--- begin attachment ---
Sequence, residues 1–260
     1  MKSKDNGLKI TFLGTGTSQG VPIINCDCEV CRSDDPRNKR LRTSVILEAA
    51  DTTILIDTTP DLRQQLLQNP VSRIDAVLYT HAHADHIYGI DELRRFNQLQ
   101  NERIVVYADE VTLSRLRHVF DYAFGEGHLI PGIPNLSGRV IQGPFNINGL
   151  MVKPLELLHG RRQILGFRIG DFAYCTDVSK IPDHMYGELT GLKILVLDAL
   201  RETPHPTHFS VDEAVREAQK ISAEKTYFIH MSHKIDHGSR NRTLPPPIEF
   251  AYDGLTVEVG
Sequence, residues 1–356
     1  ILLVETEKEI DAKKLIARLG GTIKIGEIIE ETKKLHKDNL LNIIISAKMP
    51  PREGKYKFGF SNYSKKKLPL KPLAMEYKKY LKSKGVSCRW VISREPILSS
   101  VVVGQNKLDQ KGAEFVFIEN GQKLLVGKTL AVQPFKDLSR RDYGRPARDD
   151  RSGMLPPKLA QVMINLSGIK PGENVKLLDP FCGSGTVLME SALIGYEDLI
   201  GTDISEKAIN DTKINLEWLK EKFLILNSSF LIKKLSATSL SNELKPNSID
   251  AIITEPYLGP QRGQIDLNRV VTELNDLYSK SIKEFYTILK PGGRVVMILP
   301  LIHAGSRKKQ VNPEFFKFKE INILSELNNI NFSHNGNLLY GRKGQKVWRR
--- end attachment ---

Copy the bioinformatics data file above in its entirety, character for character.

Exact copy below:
Sequence, residues 1–260
     1  MKSKDNGLKI TFLGTGTSQG VPIINCDCEV CRSDDPRNKR LRTSVILEAA
    51  DTTILIDTTP DLRQQLLQNP VSRIDAVLYT HAHADHIYGI DELRRFNQLQ
   101  NERIVVYADE VTLSRLRHVF DYAFGEGHLI PGIPNLSGRV IQGPFNINGL
   151  MVKPLELLHG RRQILGFRIG DFAYCTDVSK IPDHMYGELT GLKILVLDAL
   201  RETPHPTHFS VDEAVREAQK ISAEKTYFIH MSHKIDHGSR NRTLPPPIEF
   251  AYDGLTVEVG
Sequence, residues 1–356
     1  ILLVETEKEI DAKKLIARLG GTIKIGEIIE ETKKLHKDNL LNIIISAKMP
    51  PREGKYKFGF SNYSKKKLPL KPLAMEYKKY LKSKGVSCRW VISREPILSS
   101  VVVGQNKLDQ KGAEFVFIEN GQKLLVGKTL AVQPFKDLSR RDYGRPARDD
   151  RSGMLPPKLA QVMINLSGIK PGENVKLLDP FCGSGTVLME SALIGYEDLI
   201  GTDISEKAIN DTKINLEWLK EKFLILNSSF LIKKLSATSL SNELKPNSID
   251  AIITEPYLGP QRGQIDLNRV VTELNDLYSK SIKEFYTILK PGGRVVMILP
   301  LIHAGSRKKQ VNPEFFKFKE INILSELNNI NFSHNGNLLY GRKGQKVWRR